Smaller teams allow for greater responsibility, autonomy and flexibility, both in terms of changes based on programming and ideas. “They foster greater trust among team members and less fear of failure. They also tend to outperform larger teams. If you want to grow in your own leadership skills, being part of a small group is a great way to start.
Because the purpose of a small group is to grow large enough to multiply, virtually everyone can become a leader. Develop your own leadership skills, while making a positive impact on your community, by joining and even forming a small group. Working in small groups gives students the opportunity to practice higher-order thinking skills that instructors love to teach. Students who work in small groups generally learn more from the material and retain their knowledge longer than students who don't (Davis, 199.Small group work can range from short, informal exercises to formalized problem sets that make up the bulk of the class.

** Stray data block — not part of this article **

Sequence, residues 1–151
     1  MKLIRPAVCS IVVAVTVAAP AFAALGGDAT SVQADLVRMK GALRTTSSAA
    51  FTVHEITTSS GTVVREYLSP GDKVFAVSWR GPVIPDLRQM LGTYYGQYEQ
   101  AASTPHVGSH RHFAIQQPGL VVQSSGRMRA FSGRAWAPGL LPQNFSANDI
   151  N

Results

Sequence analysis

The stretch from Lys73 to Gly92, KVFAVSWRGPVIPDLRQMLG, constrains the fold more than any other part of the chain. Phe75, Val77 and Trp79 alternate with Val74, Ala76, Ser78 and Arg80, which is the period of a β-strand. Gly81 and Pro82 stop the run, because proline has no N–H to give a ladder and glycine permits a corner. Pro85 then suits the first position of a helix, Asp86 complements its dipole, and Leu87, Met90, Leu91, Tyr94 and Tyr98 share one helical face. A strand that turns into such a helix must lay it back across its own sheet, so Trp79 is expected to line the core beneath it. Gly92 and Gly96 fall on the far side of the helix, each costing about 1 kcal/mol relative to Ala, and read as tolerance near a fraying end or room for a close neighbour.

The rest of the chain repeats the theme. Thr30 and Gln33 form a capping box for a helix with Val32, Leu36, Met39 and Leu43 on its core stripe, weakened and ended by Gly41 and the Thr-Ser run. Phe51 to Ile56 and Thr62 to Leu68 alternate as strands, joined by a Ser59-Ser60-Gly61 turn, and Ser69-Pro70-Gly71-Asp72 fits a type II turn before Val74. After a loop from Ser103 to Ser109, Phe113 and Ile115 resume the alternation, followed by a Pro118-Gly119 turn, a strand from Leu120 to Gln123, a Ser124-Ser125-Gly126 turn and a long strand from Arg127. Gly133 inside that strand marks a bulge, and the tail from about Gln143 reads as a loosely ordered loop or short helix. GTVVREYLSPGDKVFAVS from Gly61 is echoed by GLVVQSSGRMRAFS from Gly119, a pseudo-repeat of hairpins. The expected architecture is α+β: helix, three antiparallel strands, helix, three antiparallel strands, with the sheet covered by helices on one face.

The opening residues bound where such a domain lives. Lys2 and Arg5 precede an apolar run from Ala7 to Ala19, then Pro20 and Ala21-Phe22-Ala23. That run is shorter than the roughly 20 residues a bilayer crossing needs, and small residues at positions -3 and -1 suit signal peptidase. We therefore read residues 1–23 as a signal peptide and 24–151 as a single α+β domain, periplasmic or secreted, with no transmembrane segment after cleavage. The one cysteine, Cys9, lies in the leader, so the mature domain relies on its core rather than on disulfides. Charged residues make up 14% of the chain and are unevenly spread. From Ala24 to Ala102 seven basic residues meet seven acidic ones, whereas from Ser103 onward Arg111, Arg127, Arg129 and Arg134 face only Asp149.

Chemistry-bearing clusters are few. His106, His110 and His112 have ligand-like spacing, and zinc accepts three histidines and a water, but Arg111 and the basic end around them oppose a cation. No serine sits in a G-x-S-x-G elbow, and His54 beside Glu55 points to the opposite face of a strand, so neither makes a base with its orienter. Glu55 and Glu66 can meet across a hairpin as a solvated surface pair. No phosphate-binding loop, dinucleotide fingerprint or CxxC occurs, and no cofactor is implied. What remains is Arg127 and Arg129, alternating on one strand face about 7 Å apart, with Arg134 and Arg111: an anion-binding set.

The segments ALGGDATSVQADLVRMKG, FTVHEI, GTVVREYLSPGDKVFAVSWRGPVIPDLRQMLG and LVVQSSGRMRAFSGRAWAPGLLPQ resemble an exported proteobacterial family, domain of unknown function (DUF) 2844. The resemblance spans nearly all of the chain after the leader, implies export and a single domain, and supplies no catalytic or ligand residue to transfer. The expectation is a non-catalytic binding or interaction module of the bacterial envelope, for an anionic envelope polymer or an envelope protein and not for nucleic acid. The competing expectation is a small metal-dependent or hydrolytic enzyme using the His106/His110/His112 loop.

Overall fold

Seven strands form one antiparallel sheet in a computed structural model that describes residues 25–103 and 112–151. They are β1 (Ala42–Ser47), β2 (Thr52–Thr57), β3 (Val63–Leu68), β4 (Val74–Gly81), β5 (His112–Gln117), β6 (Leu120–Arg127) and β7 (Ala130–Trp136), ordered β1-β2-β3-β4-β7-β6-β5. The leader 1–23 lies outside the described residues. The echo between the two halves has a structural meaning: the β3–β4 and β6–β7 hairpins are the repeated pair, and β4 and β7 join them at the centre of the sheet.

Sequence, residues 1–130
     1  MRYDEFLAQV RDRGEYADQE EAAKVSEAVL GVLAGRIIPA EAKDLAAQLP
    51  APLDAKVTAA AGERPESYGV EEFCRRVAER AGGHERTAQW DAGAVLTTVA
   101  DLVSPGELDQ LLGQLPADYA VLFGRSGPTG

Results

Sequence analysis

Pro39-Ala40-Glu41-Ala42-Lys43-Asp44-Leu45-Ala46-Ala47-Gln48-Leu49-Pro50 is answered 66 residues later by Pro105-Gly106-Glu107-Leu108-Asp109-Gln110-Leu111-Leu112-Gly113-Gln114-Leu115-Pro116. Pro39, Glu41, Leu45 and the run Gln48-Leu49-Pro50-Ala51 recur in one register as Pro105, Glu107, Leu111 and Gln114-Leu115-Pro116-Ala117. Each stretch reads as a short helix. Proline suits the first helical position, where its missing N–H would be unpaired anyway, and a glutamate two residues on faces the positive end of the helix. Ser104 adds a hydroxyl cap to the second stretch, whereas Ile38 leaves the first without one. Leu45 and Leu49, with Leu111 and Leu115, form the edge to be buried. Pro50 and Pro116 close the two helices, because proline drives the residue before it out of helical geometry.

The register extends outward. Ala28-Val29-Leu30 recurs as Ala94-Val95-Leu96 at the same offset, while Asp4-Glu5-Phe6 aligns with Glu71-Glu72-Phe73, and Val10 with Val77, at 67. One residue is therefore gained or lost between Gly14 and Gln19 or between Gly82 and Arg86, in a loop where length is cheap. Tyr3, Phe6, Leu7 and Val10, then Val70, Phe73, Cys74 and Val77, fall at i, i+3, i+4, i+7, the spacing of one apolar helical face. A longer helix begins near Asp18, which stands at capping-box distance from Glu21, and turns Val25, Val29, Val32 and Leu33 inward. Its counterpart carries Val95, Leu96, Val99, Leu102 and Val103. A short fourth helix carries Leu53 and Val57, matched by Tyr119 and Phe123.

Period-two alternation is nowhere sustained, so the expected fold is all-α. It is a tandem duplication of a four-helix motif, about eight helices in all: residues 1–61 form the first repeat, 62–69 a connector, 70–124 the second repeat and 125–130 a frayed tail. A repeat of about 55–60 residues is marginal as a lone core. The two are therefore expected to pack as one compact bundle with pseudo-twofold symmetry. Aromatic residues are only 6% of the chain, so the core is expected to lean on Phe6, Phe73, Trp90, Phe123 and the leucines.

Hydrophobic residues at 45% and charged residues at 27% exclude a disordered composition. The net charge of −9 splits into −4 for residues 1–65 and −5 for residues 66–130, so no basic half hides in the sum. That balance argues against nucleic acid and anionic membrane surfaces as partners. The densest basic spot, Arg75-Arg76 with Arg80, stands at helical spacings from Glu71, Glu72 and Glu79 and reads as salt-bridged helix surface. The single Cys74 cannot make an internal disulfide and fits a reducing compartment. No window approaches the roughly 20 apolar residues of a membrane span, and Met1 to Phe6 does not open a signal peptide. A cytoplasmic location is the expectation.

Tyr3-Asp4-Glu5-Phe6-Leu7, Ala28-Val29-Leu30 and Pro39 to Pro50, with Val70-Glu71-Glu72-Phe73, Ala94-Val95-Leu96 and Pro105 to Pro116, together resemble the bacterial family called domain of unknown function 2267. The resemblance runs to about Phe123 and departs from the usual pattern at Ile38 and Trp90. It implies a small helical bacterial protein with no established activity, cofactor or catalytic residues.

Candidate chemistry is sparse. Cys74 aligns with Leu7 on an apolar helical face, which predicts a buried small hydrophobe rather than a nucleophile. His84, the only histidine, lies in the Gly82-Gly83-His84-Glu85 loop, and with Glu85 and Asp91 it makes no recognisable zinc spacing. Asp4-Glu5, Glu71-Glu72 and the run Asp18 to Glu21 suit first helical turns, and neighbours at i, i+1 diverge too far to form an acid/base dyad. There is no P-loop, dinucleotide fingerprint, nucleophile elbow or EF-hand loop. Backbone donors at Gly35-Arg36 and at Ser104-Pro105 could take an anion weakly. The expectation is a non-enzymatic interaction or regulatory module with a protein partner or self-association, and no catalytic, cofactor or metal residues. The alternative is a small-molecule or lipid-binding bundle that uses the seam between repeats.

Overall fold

Contrary to popular belief, instructors can incorporate small group work into large conferences, as well as seminars and discussion sections. Here we have compiled examples of small group exercises that range from informal to formal and that work well with a variety of class sizes. In the workplace, you need the ability to work well within a team. Learning in small groups helps you develop your teamwork skills.
Instead of walking away or distracting yourself when trying to learn in a large class, you feel comfortable contributing to the group.